Jane Austen (was: A whole lot of Re: that I snipped off)

Melissa Proffitt Melissa at Proffitt.com
Tue Jun 5 01:25:12 EDT 2001

Hallie and Ven, duking it out in fine style:

First, _Persuasion_.  

Ven writes:
>> >Persuasion is the novel that really made me dislike JA. Based on
>> >this novel I think she was spiteful, narrow minded, parochial and
>> >quite lacking in empathy. 

I had a long conversation online with someone who made the same accusations
about Connie Willis.  His reasons were similar to yours: he believed that
Willis took advantage of her position as author, making fun of people who
had genuine problems by turning them into caricatures.

Ven continues:

>I always had sympathy for Mary, but I must 
>now declare an interest, insofar as I suffer from a chronic medical 
>condition myself. I'm used to gritting my teeth to comments like "I 
>see you're not too ill to go to the pub/on holiday/write to your dwj 
>list" I'm making the last one up btw! I don't exonerate Mary from 
>using her illness to get out of unpleasant things   (I don't blame her 
>much either) but I do think she may have been genuinely ill. The 
>question is whether she perfectly full of energy when there is 
>something she wants to do or whether she wants to do things 
>when she has the energy. Her disinclination to waste what energy 
>she has on things like duty visits to her husband's relations seems 
>quite reasonable to me. 

It really ruins a book when you identify with characters the author doesn't
want you to like.  I mean, the whole book is set up for you to sympathize
with certain people, and you as the reader are basically refusing to join
the tour with all the other good little children.  :)

But to go back to the Connie Willis example:  The guy who was arguing that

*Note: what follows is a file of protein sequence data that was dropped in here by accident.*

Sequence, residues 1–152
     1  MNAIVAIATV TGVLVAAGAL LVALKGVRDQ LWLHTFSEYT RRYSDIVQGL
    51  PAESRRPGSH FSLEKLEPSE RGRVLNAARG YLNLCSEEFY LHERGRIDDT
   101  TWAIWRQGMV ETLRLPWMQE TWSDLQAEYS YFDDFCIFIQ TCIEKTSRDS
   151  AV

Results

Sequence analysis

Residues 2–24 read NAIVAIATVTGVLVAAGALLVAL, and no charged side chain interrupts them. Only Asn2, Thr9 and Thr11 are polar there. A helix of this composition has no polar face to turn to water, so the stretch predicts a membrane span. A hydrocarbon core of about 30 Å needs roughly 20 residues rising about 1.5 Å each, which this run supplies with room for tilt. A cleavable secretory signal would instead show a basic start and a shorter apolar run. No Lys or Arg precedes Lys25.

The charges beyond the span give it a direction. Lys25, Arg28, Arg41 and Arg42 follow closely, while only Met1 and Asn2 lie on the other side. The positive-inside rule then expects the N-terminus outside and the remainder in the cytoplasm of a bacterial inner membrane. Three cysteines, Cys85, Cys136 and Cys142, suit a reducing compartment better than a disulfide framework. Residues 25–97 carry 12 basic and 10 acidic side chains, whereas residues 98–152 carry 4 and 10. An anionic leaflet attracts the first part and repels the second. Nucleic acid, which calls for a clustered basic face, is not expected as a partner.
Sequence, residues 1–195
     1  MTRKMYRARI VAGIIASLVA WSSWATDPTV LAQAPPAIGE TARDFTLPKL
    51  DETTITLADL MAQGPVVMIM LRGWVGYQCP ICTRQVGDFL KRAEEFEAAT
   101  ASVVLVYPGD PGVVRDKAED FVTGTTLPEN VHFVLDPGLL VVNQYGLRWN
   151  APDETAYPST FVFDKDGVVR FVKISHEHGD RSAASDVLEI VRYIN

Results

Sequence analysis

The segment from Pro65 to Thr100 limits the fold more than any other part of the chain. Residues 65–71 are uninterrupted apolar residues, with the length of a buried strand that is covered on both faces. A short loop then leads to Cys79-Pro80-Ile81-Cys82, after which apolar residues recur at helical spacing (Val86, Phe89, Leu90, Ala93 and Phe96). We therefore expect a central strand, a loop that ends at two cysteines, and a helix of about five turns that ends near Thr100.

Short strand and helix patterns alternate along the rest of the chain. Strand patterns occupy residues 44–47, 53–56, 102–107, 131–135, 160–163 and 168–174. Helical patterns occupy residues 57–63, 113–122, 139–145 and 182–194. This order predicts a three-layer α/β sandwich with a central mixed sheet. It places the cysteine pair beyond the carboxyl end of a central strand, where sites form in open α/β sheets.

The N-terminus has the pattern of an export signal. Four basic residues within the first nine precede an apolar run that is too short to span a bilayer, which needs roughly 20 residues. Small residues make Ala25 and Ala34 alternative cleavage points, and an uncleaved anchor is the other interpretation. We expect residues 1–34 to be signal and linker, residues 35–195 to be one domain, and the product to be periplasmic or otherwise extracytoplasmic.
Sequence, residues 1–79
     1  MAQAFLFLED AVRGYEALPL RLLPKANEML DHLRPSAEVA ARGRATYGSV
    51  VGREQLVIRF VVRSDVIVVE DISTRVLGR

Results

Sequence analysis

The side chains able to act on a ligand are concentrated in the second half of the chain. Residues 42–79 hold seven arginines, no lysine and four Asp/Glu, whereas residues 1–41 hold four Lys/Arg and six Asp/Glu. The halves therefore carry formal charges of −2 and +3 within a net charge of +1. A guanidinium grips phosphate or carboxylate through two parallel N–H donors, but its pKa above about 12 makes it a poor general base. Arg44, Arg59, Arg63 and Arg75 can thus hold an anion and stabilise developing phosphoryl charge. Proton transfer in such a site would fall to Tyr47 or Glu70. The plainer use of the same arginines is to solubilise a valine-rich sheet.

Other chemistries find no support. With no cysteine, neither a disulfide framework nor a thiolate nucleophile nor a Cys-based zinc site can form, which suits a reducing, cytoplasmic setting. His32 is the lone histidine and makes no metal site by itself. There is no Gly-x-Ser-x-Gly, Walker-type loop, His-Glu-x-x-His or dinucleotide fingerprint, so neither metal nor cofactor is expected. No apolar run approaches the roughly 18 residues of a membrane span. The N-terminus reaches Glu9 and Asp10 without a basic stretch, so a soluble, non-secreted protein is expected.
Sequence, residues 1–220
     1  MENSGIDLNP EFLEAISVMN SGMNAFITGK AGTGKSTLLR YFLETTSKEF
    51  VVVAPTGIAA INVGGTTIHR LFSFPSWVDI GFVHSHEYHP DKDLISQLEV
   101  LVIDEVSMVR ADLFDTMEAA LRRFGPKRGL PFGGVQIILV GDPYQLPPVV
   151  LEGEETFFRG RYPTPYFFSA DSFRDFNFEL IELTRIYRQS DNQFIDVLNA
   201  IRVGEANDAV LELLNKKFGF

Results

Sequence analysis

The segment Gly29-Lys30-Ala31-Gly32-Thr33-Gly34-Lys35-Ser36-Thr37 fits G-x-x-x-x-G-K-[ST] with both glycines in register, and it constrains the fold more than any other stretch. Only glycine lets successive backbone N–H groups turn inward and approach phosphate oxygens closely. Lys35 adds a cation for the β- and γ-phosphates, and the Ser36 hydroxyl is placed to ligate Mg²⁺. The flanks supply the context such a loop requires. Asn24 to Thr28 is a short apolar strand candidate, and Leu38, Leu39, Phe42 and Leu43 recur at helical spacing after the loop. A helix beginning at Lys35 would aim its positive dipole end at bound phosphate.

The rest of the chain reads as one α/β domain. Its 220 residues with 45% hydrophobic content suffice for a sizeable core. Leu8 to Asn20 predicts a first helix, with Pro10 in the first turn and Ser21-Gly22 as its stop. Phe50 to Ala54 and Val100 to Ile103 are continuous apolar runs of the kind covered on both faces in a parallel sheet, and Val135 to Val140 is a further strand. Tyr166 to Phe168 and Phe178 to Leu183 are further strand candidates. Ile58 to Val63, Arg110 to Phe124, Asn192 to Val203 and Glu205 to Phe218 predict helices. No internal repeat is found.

Willis was arrogant and mean-spirited had worked in retail and customer
service, and identified more with the antagonists in some of her stories
("At the Rialto" was the specific example, but the Dumb Waitress is a common
type in Willis's stories) than with the protagonist.  From that position, he
felt slighted on their behalf.  It affects the reading tremendously if you
have knowledge that the author doesn't seem aware of, or appears to be
ignoring in favor of making a different point.  I don't agree with you, but
it does make sense not to like _Persuasion_ based on your example.

But in general--there is this running theme throughout Austen's books of
Good Parents and Bad Parents.  Mostly Bad Parents--or possibly just
Inattentive Selfish Parents.  And their Annoying Ill-Mannered Progeny.
Since Austen didn't have any children of her own, this has to be based on
observation and hearsay rather than experience.  So it doesn't surprise me
that it never seems tempered by empathy.  In fact, these scenes remind me a
lot of things my single friends have said--comparing my children's behavior
(I'm the Good Parent of course :) to that of their friends' or relatives'
children (universally Inattentive).  Flattering, but I know they don't have
the whole picture, because kids can drive even the best parents crazy

Mary.  Well, this book is very complex, especially if you compare Mary with
some of her analogues in other Austen novels.  She's set up as the
self-centered hypochondriac whose children are like intelligent pets, but
when her little boy is hurt, she's genuinely concerned.  Not like some of